one could argue that diluting patent rights through competition law is a disincentive to innovation. Although there is nothing wrong in principle with the strategic use of patents, it does have the potential to negatively impact on competition and consumers in some circumstances. This risk is arguably increased where the strategic use of patents affects, for example, access to technological standards, as in the dispute between Micromax and Ericsson described below. The problem of excessive patent protection is best illustrated by the software industry, which is innovating at a rapid pace. Software innovation tends to involve not just entire devices, but also components; so a device such as a mobile phone or laptop may have thousands of separate components, each of which is patentable. The result is a bundle of various patents, creating abundant opportunities for infringement.
The smartphone patent wars arrived in India with the Micromax-Ericsson dispute, in which Ericsson has claimed Rs1 billion against Micromax in a civil suit (CS(OS) 442/2013, 2013(56)PTC585(Del)) filed before the Delhi High Court, alleging the infringement of eight standard-essential patents (SEPs). The amount claimed makes this one of the biggest cases of its kind in terms of damages sought in a patent suit in the Indian IT and telecommunications sector. Ericsson’s initiation of the suit prompted Micromax to file a complaint before the Competition Commission, which subsequently ordered an investigation into the anti-competitive licensing of Ericsson’s SEPs for mobile communication. The dispute is of considerable significance because of the role that the Indian competition regulator has played and the link between competition law and patent law. Under normal circumstances, a rights holder is free to license its patents on any terms it wishes. Likewise, it is free to negotiate royalty rates or to refuse to license the technology altogether. However, if the patented technology becomes a market standard, a court may require the innovator to license it to other players on fair,
There is an inherentneed to strike a balance between IP laws and competition laws, so as to safeguard the rights of innovators and at the same time protect consumers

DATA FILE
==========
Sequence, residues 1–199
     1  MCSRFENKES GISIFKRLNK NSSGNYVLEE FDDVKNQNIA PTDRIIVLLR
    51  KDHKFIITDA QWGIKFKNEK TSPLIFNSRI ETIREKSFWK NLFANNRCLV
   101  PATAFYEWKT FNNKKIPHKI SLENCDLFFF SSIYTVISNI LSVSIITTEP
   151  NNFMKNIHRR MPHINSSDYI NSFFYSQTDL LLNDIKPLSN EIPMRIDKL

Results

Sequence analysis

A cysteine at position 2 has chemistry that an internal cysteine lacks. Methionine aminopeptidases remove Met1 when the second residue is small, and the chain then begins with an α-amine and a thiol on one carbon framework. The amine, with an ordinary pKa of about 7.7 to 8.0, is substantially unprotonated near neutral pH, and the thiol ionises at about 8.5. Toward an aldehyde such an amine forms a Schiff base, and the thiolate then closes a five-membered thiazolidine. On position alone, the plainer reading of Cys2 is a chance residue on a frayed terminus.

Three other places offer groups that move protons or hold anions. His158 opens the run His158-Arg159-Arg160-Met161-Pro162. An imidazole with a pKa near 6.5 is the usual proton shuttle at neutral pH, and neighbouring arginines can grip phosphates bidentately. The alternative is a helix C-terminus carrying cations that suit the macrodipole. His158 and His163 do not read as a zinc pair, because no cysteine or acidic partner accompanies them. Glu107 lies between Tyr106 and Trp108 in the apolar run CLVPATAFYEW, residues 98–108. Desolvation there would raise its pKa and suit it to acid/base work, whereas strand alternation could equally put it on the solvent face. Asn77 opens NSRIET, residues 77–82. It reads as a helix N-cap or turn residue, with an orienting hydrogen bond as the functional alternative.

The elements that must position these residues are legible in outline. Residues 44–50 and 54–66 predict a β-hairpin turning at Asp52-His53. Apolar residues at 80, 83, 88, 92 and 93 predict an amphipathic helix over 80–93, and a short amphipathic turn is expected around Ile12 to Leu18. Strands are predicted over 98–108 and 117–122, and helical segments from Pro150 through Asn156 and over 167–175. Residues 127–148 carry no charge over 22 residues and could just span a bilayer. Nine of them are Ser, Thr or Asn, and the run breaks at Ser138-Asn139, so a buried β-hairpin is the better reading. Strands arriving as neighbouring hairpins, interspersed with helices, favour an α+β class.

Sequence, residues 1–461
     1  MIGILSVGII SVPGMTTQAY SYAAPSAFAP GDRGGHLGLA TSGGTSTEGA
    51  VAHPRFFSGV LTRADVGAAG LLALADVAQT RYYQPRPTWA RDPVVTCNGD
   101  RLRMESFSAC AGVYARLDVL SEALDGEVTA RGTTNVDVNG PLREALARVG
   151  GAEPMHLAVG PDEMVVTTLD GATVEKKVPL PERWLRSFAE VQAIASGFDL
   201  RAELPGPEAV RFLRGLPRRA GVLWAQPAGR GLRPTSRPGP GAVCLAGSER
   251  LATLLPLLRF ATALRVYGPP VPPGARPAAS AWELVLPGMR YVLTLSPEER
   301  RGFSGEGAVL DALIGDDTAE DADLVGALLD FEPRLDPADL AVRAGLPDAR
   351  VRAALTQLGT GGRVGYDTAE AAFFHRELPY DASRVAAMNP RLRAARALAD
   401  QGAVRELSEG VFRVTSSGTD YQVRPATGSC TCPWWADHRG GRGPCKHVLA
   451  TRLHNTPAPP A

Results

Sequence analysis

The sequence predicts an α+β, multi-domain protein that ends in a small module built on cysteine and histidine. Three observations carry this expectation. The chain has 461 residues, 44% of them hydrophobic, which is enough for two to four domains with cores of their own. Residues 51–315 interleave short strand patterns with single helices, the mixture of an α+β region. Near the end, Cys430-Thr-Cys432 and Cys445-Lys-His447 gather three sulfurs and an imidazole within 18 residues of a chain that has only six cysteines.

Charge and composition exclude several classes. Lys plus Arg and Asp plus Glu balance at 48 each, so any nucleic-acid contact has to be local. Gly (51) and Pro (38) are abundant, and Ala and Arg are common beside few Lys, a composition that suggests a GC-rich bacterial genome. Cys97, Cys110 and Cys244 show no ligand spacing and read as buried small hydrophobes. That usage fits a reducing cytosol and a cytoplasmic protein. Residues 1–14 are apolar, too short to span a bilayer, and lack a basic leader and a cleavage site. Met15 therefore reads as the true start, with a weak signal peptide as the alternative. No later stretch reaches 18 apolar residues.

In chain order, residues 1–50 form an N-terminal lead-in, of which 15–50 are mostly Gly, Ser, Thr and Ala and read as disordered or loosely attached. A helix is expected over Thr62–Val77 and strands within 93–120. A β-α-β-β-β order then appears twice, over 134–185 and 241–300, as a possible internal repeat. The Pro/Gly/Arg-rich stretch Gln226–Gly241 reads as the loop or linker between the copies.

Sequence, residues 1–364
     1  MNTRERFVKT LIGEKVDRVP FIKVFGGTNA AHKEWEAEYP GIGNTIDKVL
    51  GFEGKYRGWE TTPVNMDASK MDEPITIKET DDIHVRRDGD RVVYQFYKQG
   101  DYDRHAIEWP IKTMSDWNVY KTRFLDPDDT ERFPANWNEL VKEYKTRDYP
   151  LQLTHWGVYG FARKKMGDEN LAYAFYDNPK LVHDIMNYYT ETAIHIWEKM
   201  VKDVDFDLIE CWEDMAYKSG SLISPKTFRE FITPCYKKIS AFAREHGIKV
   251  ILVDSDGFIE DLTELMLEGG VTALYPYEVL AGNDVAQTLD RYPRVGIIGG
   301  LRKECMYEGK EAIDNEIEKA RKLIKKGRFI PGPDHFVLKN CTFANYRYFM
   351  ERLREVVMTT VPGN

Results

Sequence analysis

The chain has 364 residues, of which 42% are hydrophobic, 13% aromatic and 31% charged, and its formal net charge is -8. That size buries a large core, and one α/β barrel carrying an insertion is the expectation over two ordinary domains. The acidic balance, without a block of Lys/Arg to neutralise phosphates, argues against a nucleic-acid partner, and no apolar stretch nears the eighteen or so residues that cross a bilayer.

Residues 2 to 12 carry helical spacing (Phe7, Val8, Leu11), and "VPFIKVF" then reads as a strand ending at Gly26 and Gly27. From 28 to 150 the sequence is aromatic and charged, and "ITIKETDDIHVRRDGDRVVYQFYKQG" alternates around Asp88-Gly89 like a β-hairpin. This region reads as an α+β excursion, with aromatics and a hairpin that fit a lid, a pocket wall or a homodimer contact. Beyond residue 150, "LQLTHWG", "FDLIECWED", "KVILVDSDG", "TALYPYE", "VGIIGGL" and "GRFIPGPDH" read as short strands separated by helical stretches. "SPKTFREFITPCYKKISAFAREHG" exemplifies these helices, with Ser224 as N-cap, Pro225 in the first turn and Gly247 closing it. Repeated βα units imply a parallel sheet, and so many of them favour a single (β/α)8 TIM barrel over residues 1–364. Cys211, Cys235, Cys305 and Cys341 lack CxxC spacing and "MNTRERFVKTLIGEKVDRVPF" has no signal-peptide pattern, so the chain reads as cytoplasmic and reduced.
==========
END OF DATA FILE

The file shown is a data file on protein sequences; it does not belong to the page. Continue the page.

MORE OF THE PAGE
reasonable and non-discriminatory (FRAND) terms in order to ensure a level playing field. Take, for example, how computers, smartphones and tablets connect to the Internet. This is done via standardised wireless technologies such as WiFi. In the smartphone and device space, many technologies pertaining to WiFi, 3G and 4G would be considered SEPs. Smartphone manufacturers would be unwilling to manufacture devices without WiFi capabilities and consumers would similarly be reluctant to buy such products. It is impossible to manufacture standardcompliant products such as smartphones or tablets without using technologies covered by one or more SEPs. SEPs differ from patents that are not essential to a standard (non-SEPs), such as design patents, which protect an invention’s design features. This is because generally, companies can invent alternative solutions that do not infringe a non-SEP. For example the ‘slide to unlock’ technology popularised by Apple’s iPhone is covered by a non-SEP. However, most smartphone manufacturers have been able to develop alternative technologies to unlock a smartphone screen which do not infringe this patent. This would not have been possible in the case of an SEP such as WiFi. The dispute arose when Ericsson required Micromax to secure appropriate licences to use its technologies on FRAND terms. After three years of negotiations and Micromax’s refusal to accept the FRAND terms offered by Ericsson, the latter instituted a civil suit before the Delhi High Court, alleging infringement of its SEPs for wireless technologies used in 2G, 3G and 4G devices. The single judge passed an ad interim ex parte order in favour of Ericsson. Micromax’s appeal against the ex parte order was dismissed by the Division Bench of the Delhi High Court with the option of filing a fresh appeal if the single judge did not hear Micromax’s defence within 30 days. The parties thereafter entered into an interim arrangement under which Micromax started paying royalties to Ericsson at the rates demanded, pending final disposal of the patent infringement suit.